Daddy's Christmas Angel

Thursday, August 17, 2017

Cold Wax Medium - A Great Choice for Mixed Media Artists


"Love and Light: Rising from the Ashes" ©MM Sikes
Are you familiar with cold wax medium? I wasn't until last year when I started to notice the work of several artists using this material. I liked what I saw and wanted to learn more.

In galleries and museums, mixed media work has always spoken to me and lured me to study it more closely. That's what most of cold wax paintings I saw seemed to be.

Some of my earliest paintings featured plaster on canvas. I suppose that was an early version of mixed media. Later, I worked with a product called Celluclay Instant Papier Mache and created both paintings and sculpture using this 3-dimensional medium. Several years ago, I discovered encaustic (hot wax) painting in workshops with Karen Eide. More recently, I have used a variety of acrylic materials, including very thick Utrecht Professional Gesso, to build depth in my mixed media paintings.

Throughout it all, I have stayed away from oil paints because I never liked the smell of turpentine and oil in my upstairs studio. When I work with oil paint and encaustics, I take the materials outdoors to heat.

Then I found a new world of painting with cold wax medium. In April, I took a three-day workshop with Lisa Boardwine, and immediately I was hooked. Using a Gamblin solvent with odorless mineral spirits, I lost my fear of bringing oil paints back to my studio. Cold wax appears to be the medium for which I've been searching. I can experiment in many directions, even using some of the techniques I've learned over my acrylic mixed media pieces to soften harsh flatness where it bothers me.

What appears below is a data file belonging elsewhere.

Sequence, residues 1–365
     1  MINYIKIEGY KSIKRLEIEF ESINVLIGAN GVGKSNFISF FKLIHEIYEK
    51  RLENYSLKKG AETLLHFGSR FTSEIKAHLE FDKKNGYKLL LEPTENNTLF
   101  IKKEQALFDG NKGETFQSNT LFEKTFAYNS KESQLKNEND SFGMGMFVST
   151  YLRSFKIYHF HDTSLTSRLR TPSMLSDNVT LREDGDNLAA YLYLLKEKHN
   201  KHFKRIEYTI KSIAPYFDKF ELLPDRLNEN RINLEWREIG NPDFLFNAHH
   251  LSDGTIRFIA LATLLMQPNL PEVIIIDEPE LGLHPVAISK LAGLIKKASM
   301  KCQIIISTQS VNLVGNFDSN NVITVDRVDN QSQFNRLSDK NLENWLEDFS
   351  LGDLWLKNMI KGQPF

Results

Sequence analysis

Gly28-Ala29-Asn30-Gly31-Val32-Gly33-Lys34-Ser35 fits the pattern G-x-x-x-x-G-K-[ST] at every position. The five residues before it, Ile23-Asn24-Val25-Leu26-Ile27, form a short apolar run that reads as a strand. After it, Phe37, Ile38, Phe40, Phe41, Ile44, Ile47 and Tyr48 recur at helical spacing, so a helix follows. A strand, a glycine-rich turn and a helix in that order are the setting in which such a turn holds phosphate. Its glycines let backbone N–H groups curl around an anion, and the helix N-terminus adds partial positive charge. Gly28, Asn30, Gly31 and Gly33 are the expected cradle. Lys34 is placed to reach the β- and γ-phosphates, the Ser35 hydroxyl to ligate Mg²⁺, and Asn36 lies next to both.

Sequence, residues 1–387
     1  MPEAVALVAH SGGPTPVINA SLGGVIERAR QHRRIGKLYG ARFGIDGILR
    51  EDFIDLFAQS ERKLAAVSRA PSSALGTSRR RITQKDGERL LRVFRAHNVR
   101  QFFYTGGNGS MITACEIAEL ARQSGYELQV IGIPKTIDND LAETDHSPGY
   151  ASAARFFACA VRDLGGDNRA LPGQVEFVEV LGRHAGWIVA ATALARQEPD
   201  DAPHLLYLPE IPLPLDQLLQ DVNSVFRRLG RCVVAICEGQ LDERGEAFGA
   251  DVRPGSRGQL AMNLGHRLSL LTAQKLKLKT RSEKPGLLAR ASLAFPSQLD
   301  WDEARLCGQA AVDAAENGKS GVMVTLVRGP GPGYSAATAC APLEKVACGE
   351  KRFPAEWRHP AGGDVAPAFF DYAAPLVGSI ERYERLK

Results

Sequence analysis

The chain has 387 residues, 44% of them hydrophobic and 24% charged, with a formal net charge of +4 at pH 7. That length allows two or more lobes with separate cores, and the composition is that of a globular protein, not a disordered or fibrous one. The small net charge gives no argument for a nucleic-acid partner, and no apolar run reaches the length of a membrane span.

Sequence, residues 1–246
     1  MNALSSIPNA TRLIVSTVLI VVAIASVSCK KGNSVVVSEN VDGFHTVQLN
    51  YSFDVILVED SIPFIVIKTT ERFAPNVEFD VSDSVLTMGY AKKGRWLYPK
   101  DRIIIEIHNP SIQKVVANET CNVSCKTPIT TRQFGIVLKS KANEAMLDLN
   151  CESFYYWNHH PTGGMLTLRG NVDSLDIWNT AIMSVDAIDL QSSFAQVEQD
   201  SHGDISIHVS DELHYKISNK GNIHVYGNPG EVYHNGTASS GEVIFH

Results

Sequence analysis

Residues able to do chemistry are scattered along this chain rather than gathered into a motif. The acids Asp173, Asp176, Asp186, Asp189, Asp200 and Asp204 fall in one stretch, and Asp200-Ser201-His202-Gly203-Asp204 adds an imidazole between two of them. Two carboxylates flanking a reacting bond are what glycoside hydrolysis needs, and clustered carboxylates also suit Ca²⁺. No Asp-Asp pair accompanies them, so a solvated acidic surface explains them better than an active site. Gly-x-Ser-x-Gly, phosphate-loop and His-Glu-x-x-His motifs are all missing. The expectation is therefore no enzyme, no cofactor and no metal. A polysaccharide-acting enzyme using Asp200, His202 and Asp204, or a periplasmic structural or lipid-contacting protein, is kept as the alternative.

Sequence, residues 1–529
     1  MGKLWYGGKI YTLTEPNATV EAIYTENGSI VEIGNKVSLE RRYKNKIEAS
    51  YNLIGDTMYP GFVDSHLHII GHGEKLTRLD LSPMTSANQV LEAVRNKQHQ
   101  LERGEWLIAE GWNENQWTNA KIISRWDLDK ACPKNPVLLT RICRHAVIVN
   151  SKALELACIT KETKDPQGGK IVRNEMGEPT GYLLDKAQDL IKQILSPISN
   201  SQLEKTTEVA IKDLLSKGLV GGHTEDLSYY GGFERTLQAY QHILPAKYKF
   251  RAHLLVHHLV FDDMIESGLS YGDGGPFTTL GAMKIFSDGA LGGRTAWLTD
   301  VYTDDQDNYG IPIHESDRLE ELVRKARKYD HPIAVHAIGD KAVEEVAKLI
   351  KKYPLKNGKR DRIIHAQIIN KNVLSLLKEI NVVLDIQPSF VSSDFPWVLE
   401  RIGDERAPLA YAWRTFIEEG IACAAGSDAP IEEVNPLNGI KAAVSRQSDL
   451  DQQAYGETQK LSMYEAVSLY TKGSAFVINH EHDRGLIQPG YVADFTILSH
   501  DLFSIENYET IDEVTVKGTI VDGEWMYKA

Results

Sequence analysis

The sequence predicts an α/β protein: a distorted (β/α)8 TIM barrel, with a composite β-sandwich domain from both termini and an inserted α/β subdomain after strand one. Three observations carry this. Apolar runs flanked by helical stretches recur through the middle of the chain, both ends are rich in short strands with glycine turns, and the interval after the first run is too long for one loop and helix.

Because, using a soft cloth, encaustics can be polished to a dazzling sheen, I still love them and
"Starry Nebula" Encaustics ©MM Sikes
want to continue experimentation with that medium. The cold wax has a matte finish and can be incorporated into work with the encaustics. The possibilities are endless. I can scrape, incise, scribble, print, and much more. It's exciting to consider the new opportunities cold wax offers.

Rebecca Crowell and Jerry McLaughlin have published a comprehensive book about the cold wax process. Cold Wax Medium: Techniques, Concepts and Conversations is probably the best art book I have ever purchased. I will keep it nearby and take it into my studio when I go there to work in cold wax.

Serena Barton has published another excellent book, Wabi-Sabi Painting with Cold Wax. "Wabi-sabi is a philosophy and aesthetic that honors the imperfect, the transitory, the humble, and the handmade," she explains. Creating work intuitively, the Oregon-based artist considers making her cold wax art like "taking a journey...without a map."

With my own many years of art experience, I can testify that cold wax medium is a wonderful choice for artists who want to experiment. It is a perfect medium for intuitive artists. I will continue to explore and enjoy Yupo synthetic paper and the Robert Doak watercolors, but now I have a new medium for sculptural painting.

Thank you, Lisa Boardwine, for introducing me. Thank you, Karen Eide, for bringing me back to oil and much more.

2 comments:

Hilary Melton-Butcher said...

Hi Monti - it's not a medium I've come across ... but I'm no artist - I love your creations - and the Starry Nebula - seems almost real ... clever - enjoy creating ... cheers Hilary

Mary Montague Sikes said...

Thank you, Hilary, for visiting and commenting. Cold wax is a fun and exciting medium that can bring joy to the artist!